What’s your name, or pseudonym?
Leslie Birch – “Zengirl”
Tell us a little about your home community and/or your work.
I’m in Philly in what I would now call its “Era of Creativity”. I haven’t seen this much art, entrepreneurship and green culture since the 90’s! With that being said, despite all of this greatness, it’s still hard to find ways to connect with women in tech areas — especially interactive/electronics. By day I have my own production company, creating videos for nonprofits, and by night I like to dabble with ideas for interactive pieces. That includes anything from a geisha style hair ornament that changes light patterns with the tilt of a head, to the idea of creating a touch sensitive spider’s web that makes nature sounds. I like art that reminds people that they are alive and puts them smack dab in the moment.
What is (one of) your key open techology/culture communities or projects? What do you enjoy about it?
I think all of this started with Wired Magazine and their NextFest. I just found myself interested in things that light up and go beep LOL. I was lucky enough to stumble across an art/tech/education group in Philly called The Hacktory. I remember taking my first class on LED “throwies”, and then another doing a chocolate mold that was created with a vacuum press, and then progressed to a basic class on Arduino Micro-controllers. I finally got the guts together to teach a class on soft circuits — a glowing felt flower that uses conductive thread, and now I find myself interested in almost anything with sensors. I think what I enjoy the most about all of this is that you don’t have to go to MIT or have a degree to participate. One of the miracles of the web is that you can learn anything, from soldering to making textiles into sensors — it’s just a huge library open 24/7 — I thrive on that. I think there is also the thrill that a lot of women aren’t involved yet — it’s kind of like being an explorer and there is the fun of sharing it and growing it. I think the biggest lesson I’ve learned is that entry into one area, means entry into all areas. If you had asked me a few years ago if I would ever touch a micro-controller, the answer probably would have been “no”. Now, I’ll ask questions and touch anything that I see — I think the latest was looking at the programming for the Kinect while at another Hacktory gathering. My only fear is running out of time to see and do it all!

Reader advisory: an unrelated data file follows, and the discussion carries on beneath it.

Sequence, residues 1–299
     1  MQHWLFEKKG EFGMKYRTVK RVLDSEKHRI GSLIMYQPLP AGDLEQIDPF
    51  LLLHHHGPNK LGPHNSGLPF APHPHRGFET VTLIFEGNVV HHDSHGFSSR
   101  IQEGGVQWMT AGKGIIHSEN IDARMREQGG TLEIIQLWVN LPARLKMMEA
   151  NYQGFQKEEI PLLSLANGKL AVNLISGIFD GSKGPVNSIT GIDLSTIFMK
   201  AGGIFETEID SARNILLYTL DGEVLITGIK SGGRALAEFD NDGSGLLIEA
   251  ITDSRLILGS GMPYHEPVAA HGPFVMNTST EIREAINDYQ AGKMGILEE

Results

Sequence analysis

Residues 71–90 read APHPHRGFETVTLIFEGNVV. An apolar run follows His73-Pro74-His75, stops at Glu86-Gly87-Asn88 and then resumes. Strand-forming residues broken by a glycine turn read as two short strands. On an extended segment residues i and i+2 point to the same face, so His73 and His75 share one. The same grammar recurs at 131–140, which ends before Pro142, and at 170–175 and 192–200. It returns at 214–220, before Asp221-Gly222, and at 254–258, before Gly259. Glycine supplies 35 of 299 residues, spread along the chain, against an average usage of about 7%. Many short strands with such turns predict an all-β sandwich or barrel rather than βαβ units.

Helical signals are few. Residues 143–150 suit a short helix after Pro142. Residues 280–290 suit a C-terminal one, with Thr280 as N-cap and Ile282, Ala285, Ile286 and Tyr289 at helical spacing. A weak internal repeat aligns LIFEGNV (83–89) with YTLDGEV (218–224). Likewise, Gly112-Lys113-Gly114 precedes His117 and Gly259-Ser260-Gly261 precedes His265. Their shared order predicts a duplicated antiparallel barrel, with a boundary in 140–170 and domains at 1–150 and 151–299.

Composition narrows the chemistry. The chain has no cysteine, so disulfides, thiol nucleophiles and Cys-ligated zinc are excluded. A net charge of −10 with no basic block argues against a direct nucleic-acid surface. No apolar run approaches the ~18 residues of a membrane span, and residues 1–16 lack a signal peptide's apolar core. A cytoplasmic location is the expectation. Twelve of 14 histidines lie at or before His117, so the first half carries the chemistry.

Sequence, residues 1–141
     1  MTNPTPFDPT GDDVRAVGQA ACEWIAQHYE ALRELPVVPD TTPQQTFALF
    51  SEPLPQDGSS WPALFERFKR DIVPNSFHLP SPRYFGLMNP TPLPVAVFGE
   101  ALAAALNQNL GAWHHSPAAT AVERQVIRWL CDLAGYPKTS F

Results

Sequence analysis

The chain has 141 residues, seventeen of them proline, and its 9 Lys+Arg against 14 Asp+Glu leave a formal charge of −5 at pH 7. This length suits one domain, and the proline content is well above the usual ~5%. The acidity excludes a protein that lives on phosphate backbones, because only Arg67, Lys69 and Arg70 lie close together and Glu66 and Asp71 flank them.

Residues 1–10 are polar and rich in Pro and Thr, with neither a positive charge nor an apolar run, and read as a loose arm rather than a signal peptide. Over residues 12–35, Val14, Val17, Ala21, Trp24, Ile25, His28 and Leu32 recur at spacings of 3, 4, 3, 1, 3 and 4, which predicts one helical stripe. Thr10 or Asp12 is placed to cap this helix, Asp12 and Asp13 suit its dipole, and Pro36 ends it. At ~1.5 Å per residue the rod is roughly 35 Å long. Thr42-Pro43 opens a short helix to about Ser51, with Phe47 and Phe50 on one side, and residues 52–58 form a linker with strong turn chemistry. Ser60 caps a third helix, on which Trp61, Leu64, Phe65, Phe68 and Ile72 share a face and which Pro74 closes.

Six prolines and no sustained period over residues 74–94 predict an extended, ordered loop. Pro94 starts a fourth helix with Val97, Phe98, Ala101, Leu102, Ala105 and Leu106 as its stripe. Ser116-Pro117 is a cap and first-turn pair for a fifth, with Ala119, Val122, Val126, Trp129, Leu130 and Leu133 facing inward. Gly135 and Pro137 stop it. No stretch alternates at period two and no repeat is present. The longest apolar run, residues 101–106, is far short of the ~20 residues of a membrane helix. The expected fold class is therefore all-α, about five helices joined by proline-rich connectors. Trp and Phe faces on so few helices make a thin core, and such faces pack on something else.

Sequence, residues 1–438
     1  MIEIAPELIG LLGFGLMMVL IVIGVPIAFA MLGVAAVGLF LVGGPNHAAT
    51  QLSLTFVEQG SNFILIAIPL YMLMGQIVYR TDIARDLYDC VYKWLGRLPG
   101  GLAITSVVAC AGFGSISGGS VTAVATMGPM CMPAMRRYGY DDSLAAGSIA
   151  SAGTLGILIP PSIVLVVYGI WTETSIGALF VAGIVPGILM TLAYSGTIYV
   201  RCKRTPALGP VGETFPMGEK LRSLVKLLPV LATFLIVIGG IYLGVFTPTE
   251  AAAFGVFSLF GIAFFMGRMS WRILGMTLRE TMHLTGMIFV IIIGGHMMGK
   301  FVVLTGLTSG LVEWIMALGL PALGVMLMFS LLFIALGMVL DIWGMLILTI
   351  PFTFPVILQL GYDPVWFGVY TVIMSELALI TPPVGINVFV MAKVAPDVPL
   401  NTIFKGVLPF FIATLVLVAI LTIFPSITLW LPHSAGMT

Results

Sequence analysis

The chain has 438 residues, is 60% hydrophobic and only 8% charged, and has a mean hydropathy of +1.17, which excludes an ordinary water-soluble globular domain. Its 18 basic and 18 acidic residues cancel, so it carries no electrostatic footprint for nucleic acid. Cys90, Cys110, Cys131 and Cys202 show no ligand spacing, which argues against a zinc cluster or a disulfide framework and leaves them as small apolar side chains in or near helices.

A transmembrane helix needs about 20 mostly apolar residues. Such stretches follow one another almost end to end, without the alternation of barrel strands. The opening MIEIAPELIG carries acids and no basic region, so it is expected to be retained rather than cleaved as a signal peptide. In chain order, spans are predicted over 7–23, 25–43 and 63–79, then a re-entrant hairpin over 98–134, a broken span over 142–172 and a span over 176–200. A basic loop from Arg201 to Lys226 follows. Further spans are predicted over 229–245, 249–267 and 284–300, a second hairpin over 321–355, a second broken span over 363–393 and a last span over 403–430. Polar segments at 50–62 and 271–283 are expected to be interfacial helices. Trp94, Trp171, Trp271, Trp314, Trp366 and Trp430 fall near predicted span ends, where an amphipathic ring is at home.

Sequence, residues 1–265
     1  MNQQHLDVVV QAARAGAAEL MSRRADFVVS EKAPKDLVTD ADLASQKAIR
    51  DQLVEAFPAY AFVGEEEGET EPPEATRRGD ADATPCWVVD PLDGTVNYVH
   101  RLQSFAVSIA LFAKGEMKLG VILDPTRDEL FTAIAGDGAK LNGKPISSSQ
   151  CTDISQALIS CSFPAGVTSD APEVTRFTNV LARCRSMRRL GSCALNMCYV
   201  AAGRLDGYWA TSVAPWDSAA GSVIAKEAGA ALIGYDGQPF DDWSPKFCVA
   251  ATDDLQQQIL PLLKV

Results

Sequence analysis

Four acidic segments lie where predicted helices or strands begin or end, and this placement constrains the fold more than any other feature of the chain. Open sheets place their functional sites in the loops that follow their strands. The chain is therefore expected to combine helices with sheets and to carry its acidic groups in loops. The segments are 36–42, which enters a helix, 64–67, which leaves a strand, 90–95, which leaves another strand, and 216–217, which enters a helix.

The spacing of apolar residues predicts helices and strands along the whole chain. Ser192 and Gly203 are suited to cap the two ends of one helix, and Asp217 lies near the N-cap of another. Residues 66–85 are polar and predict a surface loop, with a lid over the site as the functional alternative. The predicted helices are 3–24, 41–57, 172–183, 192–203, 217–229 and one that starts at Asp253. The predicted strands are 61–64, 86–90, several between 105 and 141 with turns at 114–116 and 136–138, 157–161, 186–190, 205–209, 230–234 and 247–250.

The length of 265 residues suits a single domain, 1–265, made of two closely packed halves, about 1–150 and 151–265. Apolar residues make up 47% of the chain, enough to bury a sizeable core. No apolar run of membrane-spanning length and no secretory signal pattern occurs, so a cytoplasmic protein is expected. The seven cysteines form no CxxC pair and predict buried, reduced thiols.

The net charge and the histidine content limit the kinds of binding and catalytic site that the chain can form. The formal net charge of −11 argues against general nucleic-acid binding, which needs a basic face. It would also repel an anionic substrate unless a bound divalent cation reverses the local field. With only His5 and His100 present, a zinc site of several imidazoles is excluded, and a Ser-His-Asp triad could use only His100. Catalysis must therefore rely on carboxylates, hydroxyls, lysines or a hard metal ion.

How has being a woman in your community changed during your involvement in it?
This is a deep question that I’m still digging at. I will have this ready by the time AdaCamp rolls around.
Outside of your involvement with open technology/culture, what are you interested in and working on?
The problem of homelessness in Philly really bothers me. So, I’ve been working on an idea for a tv show where a sock puppet named “Joy” spreads her good ideas about how to help people each day. Think random acts of kindness crossed with the idea of dispelling myths about homeless people. It’s amazing how one idea can spur so much collaboration — we now have a professional puppet, a theme song, and soon a virtual backdrop for the show. I recently had an interview with the real “Big Bird”, which was also amazing. Any other spare time I have is spent outdoors — volunteering at a Japanese Garden, birding, boating or camping and indoors — cooking up some vegan fare or doing seated meditation. It all falls into the bigger picture of practicing Zen Buddhism for me. Sometimes I worry about whether I’m going to become a monk myself, but then I remember that I’m not supposed to be thinking about the future.
Are you planning to propose any sessions at AdaCamp? What will they be?
Let’s just say amongst my camping friends I’m considered the Arts&Crafts Counselor. There may be a late night “come gather and let’s do this kit” thingy. And yes, it will include light or sound. Well, that depends on whether you are allowed to have open fires in DC. ;)
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